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Older patients with acute myeloid leukemia benefit from intensive chemotherapy: an update from the Swedish acute leukemia registry.

Juliusson, Gunnar LU (2011) In Clinical Lymphoma, Myeloma & Leukemia 11 Suppl 1. p.54-59
Abstract
Most patients with acute myeloid leukemia (AML) are older, the median age is 71 years, and survival decreases rapidly with age. The achievement of complete remission and long-term survival mostly require intensive combination chemotherapy, but standard regimens are often believed to be too toxic for older patients. The Swedish Acute Leukemia Registry is unique and contains data on 98% of all patients diagnosed since 1997, irrespective of management. Comorbidity increases with age, but the distribution of AML-related risk factors is mostly similar in different age groups of patients older than 60 years old. In Sweden, most patients up to 75 years old are given intensive induction treatment with acceptable complete remission rates. Early... (More)
Most patients with acute myeloid leukemia (AML) are older, the median age is 71 years, and survival decreases rapidly with age. The achievement of complete remission and long-term survival mostly require intensive combination chemotherapy, but standard regimens are often believed to be too toxic for older patients. The Swedish Acute Leukemia Registry is unique and contains data on 98% of all patients diagnosed since 1997, irrespective of management. Comorbidity increases with age, but the distribution of AML-related risk factors is mostly similar in different age groups of patients older than 60 years old. In Sweden, most patients up to 75 years old are given intensive induction treatment with acceptable complete remission rates. Early death rates were always lower with intensive treatment compared with palliative treatment, thus, most patients up to 75 years and with AML both tolerate and benefit from intensive induction treatment. (Less)
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author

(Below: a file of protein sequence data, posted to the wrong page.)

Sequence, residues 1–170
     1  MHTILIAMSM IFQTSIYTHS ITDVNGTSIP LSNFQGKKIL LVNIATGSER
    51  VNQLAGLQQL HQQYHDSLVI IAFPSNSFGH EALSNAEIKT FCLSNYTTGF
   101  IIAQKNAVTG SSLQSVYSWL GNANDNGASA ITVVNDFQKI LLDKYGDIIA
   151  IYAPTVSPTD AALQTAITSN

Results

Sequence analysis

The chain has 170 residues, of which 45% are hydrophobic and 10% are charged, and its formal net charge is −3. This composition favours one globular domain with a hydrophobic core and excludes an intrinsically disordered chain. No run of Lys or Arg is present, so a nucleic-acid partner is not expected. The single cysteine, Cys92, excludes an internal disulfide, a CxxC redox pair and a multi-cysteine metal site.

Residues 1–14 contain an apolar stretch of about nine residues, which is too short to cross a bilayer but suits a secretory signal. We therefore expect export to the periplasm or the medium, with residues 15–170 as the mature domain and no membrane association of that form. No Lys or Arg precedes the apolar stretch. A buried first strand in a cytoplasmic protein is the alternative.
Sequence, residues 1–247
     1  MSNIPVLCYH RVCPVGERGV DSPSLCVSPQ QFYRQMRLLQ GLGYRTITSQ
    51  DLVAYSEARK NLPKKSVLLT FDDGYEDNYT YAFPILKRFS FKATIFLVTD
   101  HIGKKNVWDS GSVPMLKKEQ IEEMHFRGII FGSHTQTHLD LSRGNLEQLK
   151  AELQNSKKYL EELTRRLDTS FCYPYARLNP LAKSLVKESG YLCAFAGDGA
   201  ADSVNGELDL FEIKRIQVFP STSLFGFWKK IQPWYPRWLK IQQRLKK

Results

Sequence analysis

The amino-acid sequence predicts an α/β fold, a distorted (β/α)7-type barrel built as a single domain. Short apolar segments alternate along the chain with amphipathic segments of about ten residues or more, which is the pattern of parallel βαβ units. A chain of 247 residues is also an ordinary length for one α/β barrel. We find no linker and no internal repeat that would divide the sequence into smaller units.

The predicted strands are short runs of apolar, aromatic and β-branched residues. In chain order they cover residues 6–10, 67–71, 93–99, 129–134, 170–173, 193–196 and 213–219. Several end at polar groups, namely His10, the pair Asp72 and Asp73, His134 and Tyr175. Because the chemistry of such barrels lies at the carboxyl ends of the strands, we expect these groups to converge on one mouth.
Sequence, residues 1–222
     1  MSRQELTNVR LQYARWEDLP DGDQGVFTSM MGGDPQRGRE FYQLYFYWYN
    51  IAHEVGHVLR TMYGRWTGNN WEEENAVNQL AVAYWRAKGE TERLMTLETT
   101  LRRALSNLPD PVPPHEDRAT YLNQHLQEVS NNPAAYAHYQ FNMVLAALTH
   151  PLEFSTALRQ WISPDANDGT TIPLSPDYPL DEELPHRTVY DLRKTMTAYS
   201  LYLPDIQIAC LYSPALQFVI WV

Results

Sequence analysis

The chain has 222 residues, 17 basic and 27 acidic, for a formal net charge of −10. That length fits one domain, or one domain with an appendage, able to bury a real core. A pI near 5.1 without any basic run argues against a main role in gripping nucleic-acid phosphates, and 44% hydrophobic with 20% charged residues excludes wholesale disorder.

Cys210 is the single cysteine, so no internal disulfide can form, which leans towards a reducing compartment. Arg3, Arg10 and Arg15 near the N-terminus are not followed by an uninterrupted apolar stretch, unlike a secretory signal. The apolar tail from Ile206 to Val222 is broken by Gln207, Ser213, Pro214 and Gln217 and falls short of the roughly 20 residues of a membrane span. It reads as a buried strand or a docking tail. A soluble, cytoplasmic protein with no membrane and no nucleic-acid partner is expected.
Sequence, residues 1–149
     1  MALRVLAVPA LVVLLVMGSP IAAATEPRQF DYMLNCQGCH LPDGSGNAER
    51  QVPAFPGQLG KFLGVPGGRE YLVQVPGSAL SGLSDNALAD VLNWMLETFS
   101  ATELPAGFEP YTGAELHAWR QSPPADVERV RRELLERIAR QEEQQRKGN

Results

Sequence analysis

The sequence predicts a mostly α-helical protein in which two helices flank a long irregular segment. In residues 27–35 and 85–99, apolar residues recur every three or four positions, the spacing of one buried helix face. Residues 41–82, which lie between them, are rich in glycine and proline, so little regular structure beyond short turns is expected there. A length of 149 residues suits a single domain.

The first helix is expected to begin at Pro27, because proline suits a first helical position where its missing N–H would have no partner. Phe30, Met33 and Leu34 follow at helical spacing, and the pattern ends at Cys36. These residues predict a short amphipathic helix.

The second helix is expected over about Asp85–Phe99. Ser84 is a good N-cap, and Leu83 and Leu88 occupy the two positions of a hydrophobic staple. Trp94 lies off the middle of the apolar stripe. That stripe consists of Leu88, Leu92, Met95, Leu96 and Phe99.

organization
publishing date
type
Contribution to journal
publication status
published
subject
in
Clinical Lymphoma, Myeloma & Leukemia
volume
11 Suppl 1
pages
54 - 59
publisher
CIG Media Group
external identifiers
  • pmid:22035749
  • scopus:84860329358
ISSN
2152-2650
DOI
10.1016/j.clml.2011.02.003
language
English
LU publication?
yes
id
910cf888-ba07-4bc3-ab2d-2fd8563321b6 (old id 2221070)
alternative location
http://www.ncbi.nlm.nih.gov/pubmed/22035749?dopt=Abstract
date added to LUP
2011-12-02 19:32:35
date last changed
2017-11-19 04:16:39
@article{910cf888-ba07-4bc3-ab2d-2fd8563321b6,
  abstract     = {Most patients with acute myeloid leukemia (AML) are older, the median age is 71 years, and survival decreases rapidly with age. The achievement of complete remission and long-term survival mostly require intensive combination chemotherapy, but standard regimens are often believed to be too toxic for older patients. The Swedish Acute Leukemia Registry is unique and contains data on 98% of all patients diagnosed since 1997, irrespective of management. Comorbidity increases with age, but the distribution of AML-related risk factors is mostly similar in different age groups of patients older than 60 years old. In Sweden, most patients up to 75 years old are given intensive induction treatment with acceptable complete remission rates. Early death rates were always lower with intensive treatment compared with palliative treatment, thus, most patients up to 75 years and with AML both tolerate and benefit from intensive induction treatment.},
  author       = {Juliusson, Gunnar},
  issn         = {2152-2650},
  language     = {eng},
  pages        = {54--59},
  publisher    = {CIG Media Group},
  series       = {Clinical Lymphoma, Myeloma & Leukemia},
  title        = {Older patients with acute myeloid leukemia benefit from intensive chemotherapy: an update from the Swedish acute leukemia registry.},
  url          = {http://dx.doi.org/10.1016/j.clml.2011.02.003},
  volume       = {11 Suppl 1},
  year         = {2011},
}